Middle Earth: Shadow of War is coming out real soon, and we can’t wait. The first game, Shadow of Mordor, was a great mash-up of the fighting, climbing and stealth action we’ve learnt to love in the Batman: Arkham series, as well as the world of Tolkien’s Middle-Earth. There are some aspects of the Shadow of War game that have upset certain groups of gamers, making them swear off the title. In this article we’ll go into a little of why we think Shadow of War will be an excellent follow-up to the original game, but we’ll also talk about some of the more divisive topics that have arisen in the run up to its launch.
Before you read on, let’s address the elephant in the room; we at Green Man Gaming make our living by selling games. Therefore, we’d quite like you to buy this game… ideally from us. While this isn’t the reason for this article (you can make your own decisions, after all) it felt prudent acknowledge that we might be trying to persuade you to take a particular course of action.
Okay? On with the show.
Shadow Of War
Everything we’ve seen so far makes Shadow of War look like it’s going to be everything we loved about the first game, multiplied several times. There’ll be more huge fights, stalking enemies and nursing massive grudges against specific orc captains.
Introducing the new sieging gameplay, Talion will get to storm enemy strongholds and take them over, setting up his roster of orc and troll mates to look after it in his stead. Not only are you a wraith-possessed ranger-assassin, but now you are a commander of a full army, or even several, and your posse of randomised warriors will serve you as you command. The much-loved Nemesis system is getting upgraded, your lieutenants will even start turning against you, or being resurrected to fight on the enemies’ side. Ride dragons, fight a Balrog, chill with Shelob.
This game is going to be huge, and filled with intense Middle-earth action.
The Shadow Around The War
If we left this article here it would surely sound like a slam-dunk for anyone who enjoyed the original game. In the run up to release however, there have been several news stories emerge that have shaken the confidence of some players that were potentially viewing the game as a must-have. Revealing that the game would have a loot chest system, the presence of a $300 special edition, the poor communication surrounding the release of a charitable tribute. All of a sudden we’ve stopped talking about the game and all we can think of is how much we’re being hit in the wallet.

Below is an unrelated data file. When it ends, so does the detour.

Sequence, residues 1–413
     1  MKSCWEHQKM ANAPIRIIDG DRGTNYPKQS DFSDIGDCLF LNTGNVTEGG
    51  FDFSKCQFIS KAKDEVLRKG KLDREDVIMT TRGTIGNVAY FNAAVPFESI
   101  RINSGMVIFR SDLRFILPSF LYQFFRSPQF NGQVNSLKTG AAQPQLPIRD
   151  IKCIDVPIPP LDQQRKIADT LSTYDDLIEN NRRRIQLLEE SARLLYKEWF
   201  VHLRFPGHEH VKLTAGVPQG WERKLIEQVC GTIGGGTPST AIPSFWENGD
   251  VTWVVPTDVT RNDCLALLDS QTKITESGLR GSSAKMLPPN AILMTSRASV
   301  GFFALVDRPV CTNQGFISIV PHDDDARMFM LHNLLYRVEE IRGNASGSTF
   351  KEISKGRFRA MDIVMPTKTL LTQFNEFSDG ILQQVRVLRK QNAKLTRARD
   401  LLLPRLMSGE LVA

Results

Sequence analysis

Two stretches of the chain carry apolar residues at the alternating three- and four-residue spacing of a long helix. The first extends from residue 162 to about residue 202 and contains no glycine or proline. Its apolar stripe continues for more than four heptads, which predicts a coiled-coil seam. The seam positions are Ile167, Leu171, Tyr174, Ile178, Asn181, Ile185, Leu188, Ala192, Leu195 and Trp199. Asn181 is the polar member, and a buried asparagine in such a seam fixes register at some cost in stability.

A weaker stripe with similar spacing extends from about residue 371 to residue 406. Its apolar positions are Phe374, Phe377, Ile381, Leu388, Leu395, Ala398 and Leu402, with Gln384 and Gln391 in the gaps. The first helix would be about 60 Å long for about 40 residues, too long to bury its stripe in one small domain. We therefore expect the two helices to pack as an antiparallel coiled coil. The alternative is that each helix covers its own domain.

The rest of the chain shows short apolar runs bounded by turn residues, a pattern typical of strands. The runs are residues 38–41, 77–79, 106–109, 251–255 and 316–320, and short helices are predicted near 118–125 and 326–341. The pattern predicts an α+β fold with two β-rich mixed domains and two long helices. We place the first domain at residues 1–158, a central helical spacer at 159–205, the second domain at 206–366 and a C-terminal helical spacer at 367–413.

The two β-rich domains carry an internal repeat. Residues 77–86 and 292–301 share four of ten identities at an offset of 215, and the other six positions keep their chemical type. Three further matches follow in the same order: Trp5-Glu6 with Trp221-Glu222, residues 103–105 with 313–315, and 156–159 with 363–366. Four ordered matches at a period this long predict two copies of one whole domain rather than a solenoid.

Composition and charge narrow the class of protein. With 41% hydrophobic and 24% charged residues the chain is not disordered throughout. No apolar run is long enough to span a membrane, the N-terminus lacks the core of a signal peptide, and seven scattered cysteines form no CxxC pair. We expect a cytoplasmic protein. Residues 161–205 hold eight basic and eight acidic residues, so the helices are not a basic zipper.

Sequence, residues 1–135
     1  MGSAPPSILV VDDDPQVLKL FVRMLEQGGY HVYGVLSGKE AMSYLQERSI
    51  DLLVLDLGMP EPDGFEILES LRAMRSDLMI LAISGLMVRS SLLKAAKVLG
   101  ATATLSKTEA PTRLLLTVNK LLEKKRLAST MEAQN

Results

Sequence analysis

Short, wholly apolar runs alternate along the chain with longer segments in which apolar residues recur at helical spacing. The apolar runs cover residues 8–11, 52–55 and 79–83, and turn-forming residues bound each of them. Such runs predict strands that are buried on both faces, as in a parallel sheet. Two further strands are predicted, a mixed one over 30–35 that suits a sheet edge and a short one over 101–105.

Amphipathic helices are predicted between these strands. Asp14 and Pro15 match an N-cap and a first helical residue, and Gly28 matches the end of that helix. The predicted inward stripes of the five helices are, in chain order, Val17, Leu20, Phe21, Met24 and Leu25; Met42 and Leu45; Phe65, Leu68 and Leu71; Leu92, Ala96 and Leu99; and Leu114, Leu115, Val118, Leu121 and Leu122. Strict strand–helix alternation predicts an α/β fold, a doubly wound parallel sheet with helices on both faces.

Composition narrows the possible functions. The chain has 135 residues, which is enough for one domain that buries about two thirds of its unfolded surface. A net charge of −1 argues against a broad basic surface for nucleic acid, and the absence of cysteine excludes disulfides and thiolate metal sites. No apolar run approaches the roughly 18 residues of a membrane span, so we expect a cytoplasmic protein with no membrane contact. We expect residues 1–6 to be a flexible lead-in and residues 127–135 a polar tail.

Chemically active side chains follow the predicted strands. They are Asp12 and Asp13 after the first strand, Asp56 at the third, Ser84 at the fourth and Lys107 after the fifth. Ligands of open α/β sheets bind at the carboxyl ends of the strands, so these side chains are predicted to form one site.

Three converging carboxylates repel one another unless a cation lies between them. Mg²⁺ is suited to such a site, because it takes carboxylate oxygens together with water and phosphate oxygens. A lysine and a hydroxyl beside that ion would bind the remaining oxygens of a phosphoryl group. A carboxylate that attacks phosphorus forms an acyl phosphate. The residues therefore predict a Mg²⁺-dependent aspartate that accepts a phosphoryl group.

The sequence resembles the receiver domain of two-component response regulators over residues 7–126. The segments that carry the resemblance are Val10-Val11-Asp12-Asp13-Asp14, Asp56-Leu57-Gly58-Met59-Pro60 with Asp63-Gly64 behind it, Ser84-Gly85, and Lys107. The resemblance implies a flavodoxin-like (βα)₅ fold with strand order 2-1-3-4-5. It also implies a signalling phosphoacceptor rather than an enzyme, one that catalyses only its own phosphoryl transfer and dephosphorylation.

The announcement that a beloved member of the development team would be transformed into the optional DLC character Forthog Orc-Slayer with all the proceeds going to the family of the developer should have been seen as a nice gesture. Instead, it rapidly emerged that it was a little more complicated than that: some US states were exempt, as was the rest of the world outside the US, leading to the belief that the publishers would be pocketing the cash. As much as this isn’t the case, that it was unclear furrowed the brows of the exact same people who would have been most likely to donate in this way.
The presence of loot boxes in full priced games (and we’re no innocents here, but we’ll be talking about that soon) is not something that is widely welcomed. Okay, that’s an understatement, but there has been some acceptance of reward crates, loot boxes, call them what you like that offer cosmetic items. While not exactly seen as a Good Thing™ neither were they viewed as a reason not to pick up a game except by a hardline few.
When unveiling the contents of these loot boxes it turns out that as well as cosmetics Shadow of War will be offering captains for your army, training boosts, and weapons for Talion to use It’s okay though! You can buy these boxes with in-game currency, and as milestone rewards instead of real world cash – although real world cash can also be used. Is that actually okay?
Your wallet, Your Vote
If you disagree with games containing these kind of options you may think the best thing for you to do is to not buy the game in order to voice your discontent. You know what, in large enough numbers you might still have an impact and yet, it looks like being a really good game, and this means the likelihood any protest non-purchase may not be significant.
There is another way however.
What if almost nobody bought loot boxes? What if, rather than a rejection of the game as a whole, only the point of contention was vetoed? What if you only acquired the items you felt were acceptable, rejecting the others?
This is what I mean by voting with your wallet – every purchase you make is a vote. If you buy the game, it’s a vote that says, “this is the kind of game I want”. Every loot box purchased states, “I want to have this loot box in my game.”
Data Decision Making
Modern game development involves a great deal of analysis as to how different systems perform. From weapon strengths and weaknesses, to chapter lengths, player progress and, you guess it, in game purchases.
Changes to the game and all its trappings are dictated as much by this data as they are by public sentiment online, and by how the design team wish to evolve the game. If you’re not in that ecosystem, you’re not voting at all.
To Game Or Not To Game?
My opinion is that Shadow of War looks like being truly amazing, a potential game of the year, and I’m not going to miss out on that. I’ll decide whether or not to invest in loot boxes once I’ve got further into the game.
In-game purchases, whether you like them or not, are here to stay. How they evolve from here is up to you. It’s your decision to buy a game, or not. To buy an in-game item or not. Ultimately the choice is yours, but the way in which they evolve will be dictated by those who are voting… with their wallets.